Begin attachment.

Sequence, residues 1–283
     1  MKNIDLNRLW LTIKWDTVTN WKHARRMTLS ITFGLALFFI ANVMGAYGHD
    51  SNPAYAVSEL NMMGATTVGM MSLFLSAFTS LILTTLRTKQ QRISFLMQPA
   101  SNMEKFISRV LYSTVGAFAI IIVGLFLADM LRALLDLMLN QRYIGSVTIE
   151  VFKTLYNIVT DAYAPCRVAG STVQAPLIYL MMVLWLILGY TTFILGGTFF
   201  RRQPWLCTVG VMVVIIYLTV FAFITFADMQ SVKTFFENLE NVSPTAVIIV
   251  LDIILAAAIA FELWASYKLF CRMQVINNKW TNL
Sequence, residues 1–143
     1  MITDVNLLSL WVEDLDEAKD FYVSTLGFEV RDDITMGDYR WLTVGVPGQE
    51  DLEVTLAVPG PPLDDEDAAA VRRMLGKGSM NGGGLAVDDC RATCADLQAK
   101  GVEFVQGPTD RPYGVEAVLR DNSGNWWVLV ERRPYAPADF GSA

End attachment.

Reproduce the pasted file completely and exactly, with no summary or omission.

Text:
Sequence, residues 1–283
     1  MKNIDLNRLW LTIKWDTVTN WKHARRMTLS ITFGLALFFI ANVMGAYGHD
    51  SNPAYAVSEL NMMGATTVGM MSLFLSAFTS LILTTLRTKQ QRISFLMQPA
   101  SNMEKFISRV LYSTVGAFAI IIVGLFLADM LRALLDLMLN QRYIGSVTIE
   151  VFKTLYNIVT DAYAPCRVAG STVQAPLIYL MMVLWLILGY TTFILGGTFF
   201  RRQPWLCTVG VMVVIIYLTV FAFITFADMQ SVKTFFENLE NVSPTAVIIV
   251  LDIILAAAIA FELWASYKLF CRMQVINNKW TNL
Sequence, residues 1–143
     1  MITDVNLLSL WVEDLDEAKD FYVSTLGFEV RDDITMGDYR WLTVGVPGQE
    51  DLEVTLAVPG PPLDDEDAAA VRRMLGKGSM NGGGLAVDDC RATCADLQAK
   101  GVEFVQGPTD RPYGVEAVLR DNSGNWWVLV ERRPYAPADF GSA